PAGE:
How short selling works

Today I’m going to explain what short selling
is. Once again, this concept is not specific to
cryptocurrency or even to margin trading in general, so if you got to this video from
another channel, feel free to stick around. The zoomed out view of short selling is it
is used when you expect a currency to decrease in value, so you place a somewhat complex
trade to make a profit off that decrease. When you place a short, the exchange loans
you shares in whatever financial instrument you’re trading in — in this case currency
pairs. Notice I said the exchange is loaning you
shares – NOT the cash of the value of those shares. You then immediately sell them for the cash. Hopefully over time the value of the currency
decreases significantly, at which time you use your cash to buy the currency (at the
lower value) and return the borrowed shares to the exchange. You’ve now made a profit. Let’s look at a concrete example. Let’s pretend the current value of BTC/USD
is $1000. ( If you haven’t yet watched my video explaining
currency pairs, it might be helpful to watch first)
Crissy has a suspicion the price is about to fall. She places a short trade with the exchange. The exchange gives her $1000 worth of BTC. NOT $1000 USD. $1000 WORTH of BTC, which comes
out to be 1 BTC at the present time. She is now in debt to the exchange for 1 Bitcoin
The computer software she’s using (Meta Trader 4) then exchanges that 1 Bitcoin for
$1000 cash behind the scenes. On Tuesday Crissy logs into her trading account
and sees that the value of BTC/USD has fallen dramatically to $900 and she decides to close
out the trade. She has $1000 at her disposal, but NOW – because
the value has fallen, it only take $900 to buy one Bitcoin, so she does. She now has $100 in USD and 1 BTC. She returns the 1 BTC loan to the exchange
and pockets the $100. That’s it! We now know two types of trades: Longs and
shorts. Longs are used to profit when we anticipate
the value of a currency pair will increase, and shorts are used to profit when we anticipate
the value of a currency pair will decrease. It’s that simple. As always, let me know in the comments if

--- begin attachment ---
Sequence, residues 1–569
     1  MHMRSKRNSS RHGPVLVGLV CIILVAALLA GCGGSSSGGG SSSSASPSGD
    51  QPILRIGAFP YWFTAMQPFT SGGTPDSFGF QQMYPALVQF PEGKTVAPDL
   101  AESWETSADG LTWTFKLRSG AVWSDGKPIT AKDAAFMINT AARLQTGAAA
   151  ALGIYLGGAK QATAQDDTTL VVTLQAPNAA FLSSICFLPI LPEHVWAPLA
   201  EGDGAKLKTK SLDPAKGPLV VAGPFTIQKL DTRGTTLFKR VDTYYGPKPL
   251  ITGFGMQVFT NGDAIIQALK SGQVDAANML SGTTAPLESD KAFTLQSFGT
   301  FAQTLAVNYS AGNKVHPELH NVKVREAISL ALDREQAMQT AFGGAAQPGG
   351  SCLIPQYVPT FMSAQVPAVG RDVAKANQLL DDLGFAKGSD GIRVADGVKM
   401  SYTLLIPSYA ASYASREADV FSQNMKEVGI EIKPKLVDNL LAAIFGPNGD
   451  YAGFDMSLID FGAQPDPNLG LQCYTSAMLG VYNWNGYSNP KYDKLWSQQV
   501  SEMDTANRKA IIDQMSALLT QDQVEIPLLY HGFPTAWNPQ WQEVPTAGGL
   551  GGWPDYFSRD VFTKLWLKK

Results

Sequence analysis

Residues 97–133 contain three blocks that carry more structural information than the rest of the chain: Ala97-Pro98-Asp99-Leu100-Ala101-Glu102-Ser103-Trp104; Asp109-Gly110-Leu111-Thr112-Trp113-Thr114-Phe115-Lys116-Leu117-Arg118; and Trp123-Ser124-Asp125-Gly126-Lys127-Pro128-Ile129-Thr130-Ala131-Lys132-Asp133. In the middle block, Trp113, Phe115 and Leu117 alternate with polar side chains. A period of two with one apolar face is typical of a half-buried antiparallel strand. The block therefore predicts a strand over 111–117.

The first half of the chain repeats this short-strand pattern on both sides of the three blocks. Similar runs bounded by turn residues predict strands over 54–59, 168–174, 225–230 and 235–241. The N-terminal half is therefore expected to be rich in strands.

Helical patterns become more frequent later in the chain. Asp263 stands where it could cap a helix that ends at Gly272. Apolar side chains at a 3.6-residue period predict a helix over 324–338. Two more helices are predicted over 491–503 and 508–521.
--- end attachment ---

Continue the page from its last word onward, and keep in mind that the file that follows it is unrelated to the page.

you have any questions or need any more clarification.

10 thoughts on “How short selling works”

  1. I might be stupid, but I really don't understand shorting. First of all, how does one borrow from say, Bittrex? Second of all, what's the point in borrowing money if you know the price is going to dip? Why not just wait for the dip, then buy in at it and make a profit when it stabilizes again? Third of all, what happens if you short, buy in at 900 and the stock keeps falling? How is this any different than the basic buying low selling high?

  2. Would this allow you to then cover an arbitrage trade from say Gemini to Kraken? Kraken allows margin trading, so say there was a $50 arbitrage opportunity (Gemini @ $2600 & Kraken $2650) if you shorted on the Kraken side immediately after you bought on the Gemini side wouldn't you cover any loss between the transfer of the Bitcoin from Gemini to Kraken? Even if the market went up your losses on short would be covered by the extra gain on the sale of the Gemini coin.

    Or am I missing something?

  3. Wow fantastic explanation! So hard and rare to find simple and to the point explanations in crypto! Thanks!!! BTW How does the exchange determine its okay to "lend" money to you without credit checks? I mean how do they determine whether you are a good candidate for lending $ to you?

  4. Thanks! Very straight forward video! I'm understand more and more about peoples ideas and strategies more before I decide to join in. 🙂

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